In mid-March, a violent government campaign to put down a month-long popular revolt turned Bahrain into an island of terror. Images of security forces firing on unarmed protesters chanting “peaceful, peaceful” went around the world via YouTube and other media. Today Bahrain has largely receded from the news, emerging only briefly in an Obama speech or when Formula One organizers had to ex-plain why they postponed and finally canceled the annual Bahrain Grand Prix.
What happened in this small Persian Gulf nation off the coast of Saudi Arabia is the latest episode in a long-running conflict. For over two hundred years Bahrain has been ruled with a heavy hand by a family of sheikhs, the Al Khalifas. Sunni Muslims from the Saudi mainland, they have regarded Bahrain’s Shia population as Iranian proxies who cannot be entrusted with full political rights. The Shias, who make up some 70 percent of the country’s 1.2 million people (of whom some 666,000 are nonnationals), have long felt discriminated against in access to jobs, education, housing, and much else. In particular, they accuse the government of trying to dilute their numbers by naturalizing expatriate workers, especially Sunnis from Arab countries and Pakistan.
The current king, Hamad bin Isa Al Khalifa, began his reign in 1999 as an avowed reformer. He freed jailed activists, allowed exiled opposition leaders to return, and promised a new constitution with greater rights for all citizens, including political participation. Opposition groups, foremost among them the newly formed alliance of Shia Islamists called al-Wefaq, welcomed these pledges, but as the King largely failed to make good on them over the next decade, the Shia opposition grew increasingly disillusioned, complaining in particular about gerrymandering that prevented Shias from gaining a parliamentary majority.
Beginning in mid-February of this year, protesters inspired by events in Tunisia and Egypt gathered at a centrally located traffic intersection known as the Pearl Roundabout in Bahrain’s capital, Manama. In its center then stood a sculpture of a dhow—a traditional local sailing vessel—with six arches for its sails, representing the six members of the Gulf Cooperation Council, the regional economic and political body of which Bahrain was a founding member. At the top perched a simulated pearl, Bahrain being well known for the pearls it harvests from the Gulf.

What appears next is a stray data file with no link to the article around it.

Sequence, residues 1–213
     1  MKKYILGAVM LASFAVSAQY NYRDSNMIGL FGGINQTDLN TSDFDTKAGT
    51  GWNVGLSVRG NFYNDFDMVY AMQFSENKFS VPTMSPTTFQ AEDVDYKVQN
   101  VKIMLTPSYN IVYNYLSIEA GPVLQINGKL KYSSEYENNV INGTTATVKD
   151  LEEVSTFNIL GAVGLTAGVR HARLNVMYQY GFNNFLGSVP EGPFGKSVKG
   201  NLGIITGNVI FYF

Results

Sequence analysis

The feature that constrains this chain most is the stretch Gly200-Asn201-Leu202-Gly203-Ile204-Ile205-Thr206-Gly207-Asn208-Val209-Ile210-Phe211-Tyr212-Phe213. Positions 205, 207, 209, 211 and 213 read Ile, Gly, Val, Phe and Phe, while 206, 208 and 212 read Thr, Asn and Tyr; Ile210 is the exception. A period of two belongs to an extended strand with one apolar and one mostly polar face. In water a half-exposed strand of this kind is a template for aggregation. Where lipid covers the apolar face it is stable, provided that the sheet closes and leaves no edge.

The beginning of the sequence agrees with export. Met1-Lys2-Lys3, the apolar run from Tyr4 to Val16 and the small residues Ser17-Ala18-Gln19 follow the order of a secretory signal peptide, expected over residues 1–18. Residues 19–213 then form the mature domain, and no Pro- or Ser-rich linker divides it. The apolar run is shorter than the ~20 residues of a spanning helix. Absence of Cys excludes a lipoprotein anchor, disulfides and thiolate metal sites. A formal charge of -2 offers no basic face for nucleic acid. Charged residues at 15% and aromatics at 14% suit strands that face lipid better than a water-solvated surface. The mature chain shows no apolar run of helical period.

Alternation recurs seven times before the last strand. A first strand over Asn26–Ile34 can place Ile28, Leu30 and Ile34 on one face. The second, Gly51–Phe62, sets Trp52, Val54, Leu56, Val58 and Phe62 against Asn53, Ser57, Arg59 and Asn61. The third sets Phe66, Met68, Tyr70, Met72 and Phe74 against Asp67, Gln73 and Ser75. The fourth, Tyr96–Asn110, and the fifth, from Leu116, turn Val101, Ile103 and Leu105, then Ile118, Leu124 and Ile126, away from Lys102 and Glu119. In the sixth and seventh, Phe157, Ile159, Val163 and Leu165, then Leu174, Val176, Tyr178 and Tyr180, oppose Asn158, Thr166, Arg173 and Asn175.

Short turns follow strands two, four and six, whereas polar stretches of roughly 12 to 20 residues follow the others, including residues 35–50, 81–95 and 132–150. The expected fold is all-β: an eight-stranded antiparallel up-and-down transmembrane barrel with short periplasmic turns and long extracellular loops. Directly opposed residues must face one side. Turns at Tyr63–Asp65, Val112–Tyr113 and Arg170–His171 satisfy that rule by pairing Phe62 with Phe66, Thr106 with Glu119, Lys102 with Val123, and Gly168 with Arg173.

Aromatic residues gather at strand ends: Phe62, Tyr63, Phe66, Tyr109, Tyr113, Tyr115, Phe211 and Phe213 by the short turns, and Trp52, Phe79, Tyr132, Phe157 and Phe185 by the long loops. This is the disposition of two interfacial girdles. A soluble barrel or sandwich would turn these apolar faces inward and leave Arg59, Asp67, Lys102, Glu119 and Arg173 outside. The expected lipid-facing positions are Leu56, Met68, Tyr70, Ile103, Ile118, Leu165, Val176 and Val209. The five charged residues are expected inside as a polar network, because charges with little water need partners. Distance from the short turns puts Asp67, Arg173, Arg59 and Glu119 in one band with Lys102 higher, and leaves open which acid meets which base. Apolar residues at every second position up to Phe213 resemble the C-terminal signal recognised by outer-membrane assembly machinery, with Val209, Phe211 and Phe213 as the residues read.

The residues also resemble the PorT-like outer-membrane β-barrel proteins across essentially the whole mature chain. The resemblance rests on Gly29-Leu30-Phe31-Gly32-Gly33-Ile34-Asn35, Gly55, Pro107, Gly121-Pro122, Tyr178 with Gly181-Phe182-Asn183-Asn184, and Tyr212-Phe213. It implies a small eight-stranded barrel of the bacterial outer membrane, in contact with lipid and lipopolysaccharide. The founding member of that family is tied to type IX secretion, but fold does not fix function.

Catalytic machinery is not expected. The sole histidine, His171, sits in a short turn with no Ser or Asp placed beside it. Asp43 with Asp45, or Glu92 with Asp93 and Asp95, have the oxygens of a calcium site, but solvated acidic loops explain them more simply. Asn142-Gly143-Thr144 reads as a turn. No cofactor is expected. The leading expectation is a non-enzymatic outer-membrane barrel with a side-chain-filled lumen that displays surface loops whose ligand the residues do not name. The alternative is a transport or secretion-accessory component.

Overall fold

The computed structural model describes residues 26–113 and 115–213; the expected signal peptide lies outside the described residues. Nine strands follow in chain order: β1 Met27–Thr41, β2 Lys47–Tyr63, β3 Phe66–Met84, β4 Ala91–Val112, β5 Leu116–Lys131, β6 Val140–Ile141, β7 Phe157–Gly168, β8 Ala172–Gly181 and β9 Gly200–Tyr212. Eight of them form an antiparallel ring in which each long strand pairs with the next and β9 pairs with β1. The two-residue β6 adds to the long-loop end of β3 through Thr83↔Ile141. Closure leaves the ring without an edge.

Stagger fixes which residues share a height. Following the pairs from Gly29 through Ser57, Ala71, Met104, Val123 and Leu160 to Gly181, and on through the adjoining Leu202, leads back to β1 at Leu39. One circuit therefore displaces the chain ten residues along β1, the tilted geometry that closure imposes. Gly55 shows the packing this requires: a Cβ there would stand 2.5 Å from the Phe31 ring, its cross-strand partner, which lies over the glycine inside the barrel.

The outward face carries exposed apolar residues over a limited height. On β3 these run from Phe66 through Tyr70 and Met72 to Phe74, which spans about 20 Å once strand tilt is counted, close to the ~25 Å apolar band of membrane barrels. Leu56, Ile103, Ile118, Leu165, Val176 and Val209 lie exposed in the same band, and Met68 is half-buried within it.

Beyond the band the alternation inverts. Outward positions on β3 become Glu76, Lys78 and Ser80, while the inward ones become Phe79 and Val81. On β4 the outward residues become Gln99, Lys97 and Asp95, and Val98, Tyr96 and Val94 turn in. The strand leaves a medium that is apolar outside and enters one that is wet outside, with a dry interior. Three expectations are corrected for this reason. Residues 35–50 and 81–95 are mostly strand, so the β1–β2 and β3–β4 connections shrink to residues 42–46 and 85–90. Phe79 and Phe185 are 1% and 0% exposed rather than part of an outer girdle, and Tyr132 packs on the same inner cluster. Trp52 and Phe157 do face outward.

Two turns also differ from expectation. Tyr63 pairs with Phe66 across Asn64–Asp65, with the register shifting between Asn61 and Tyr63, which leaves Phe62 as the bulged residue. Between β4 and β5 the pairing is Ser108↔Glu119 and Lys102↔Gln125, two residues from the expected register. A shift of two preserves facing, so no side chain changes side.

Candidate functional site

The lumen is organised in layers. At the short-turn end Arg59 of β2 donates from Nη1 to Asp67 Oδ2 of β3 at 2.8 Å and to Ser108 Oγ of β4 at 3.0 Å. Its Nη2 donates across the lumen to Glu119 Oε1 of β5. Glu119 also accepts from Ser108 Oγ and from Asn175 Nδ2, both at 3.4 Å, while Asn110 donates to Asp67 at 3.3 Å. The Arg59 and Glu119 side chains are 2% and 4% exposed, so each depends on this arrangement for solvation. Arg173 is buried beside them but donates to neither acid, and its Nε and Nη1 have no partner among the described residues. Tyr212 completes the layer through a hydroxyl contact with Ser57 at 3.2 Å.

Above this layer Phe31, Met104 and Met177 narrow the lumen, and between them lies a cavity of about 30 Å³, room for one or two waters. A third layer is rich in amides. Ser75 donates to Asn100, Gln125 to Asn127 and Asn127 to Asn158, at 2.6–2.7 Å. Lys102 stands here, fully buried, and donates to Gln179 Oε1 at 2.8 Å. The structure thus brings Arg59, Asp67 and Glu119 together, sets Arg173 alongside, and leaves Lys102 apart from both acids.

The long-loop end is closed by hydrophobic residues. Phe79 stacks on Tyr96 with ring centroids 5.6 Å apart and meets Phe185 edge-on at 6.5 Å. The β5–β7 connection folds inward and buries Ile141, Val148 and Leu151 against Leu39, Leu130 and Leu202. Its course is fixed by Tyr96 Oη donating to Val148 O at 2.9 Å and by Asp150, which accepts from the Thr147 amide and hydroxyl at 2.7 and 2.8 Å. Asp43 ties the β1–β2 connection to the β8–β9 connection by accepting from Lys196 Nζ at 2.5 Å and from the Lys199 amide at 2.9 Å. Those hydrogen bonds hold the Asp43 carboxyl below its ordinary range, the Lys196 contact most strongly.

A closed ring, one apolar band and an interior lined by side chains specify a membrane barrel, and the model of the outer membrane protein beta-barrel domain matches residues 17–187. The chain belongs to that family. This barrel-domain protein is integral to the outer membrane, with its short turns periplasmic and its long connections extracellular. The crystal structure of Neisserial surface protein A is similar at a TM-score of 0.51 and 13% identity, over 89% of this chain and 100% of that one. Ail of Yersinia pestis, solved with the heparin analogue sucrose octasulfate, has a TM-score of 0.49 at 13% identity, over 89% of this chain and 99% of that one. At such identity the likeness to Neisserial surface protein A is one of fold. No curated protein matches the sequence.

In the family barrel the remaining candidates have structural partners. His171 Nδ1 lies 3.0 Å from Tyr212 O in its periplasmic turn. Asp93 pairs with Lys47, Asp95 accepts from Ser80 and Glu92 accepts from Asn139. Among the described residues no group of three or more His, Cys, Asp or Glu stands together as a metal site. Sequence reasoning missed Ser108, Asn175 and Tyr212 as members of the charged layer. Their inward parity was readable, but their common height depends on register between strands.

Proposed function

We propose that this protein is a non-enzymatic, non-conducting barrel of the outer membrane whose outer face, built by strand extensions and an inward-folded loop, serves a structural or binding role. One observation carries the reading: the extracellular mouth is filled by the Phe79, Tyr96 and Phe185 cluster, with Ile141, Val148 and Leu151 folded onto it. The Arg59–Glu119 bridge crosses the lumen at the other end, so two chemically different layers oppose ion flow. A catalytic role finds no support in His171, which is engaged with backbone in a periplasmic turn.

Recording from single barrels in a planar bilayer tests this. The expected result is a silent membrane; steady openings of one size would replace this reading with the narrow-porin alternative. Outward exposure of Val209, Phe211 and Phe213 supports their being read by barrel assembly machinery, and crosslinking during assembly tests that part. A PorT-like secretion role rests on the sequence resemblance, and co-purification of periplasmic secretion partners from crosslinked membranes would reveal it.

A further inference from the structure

Fearing the protests would get out of control, King Hamad announced that the government would allow peaceful demonstrations and would punish no one for participating in them. His son, Crown Prince Salman bin Hamad Al Khalifa, opened secret talks with al-Wefaq and six other legal opposition groups about organizing a public dialogue on political reform. (By law Bahrain has no formal political parties, only political societies that effectively function as parties. These have to be registered with the government, however, and some …
This article is available to subscribers only.
Please choose from one of the options below to access this article:
Purchase a print subscription (20 issues per year) and also receive online access to all articles published within the last five years.
Purchase an Online Edition subscription and receive full access to all articles published by the Review since 1963.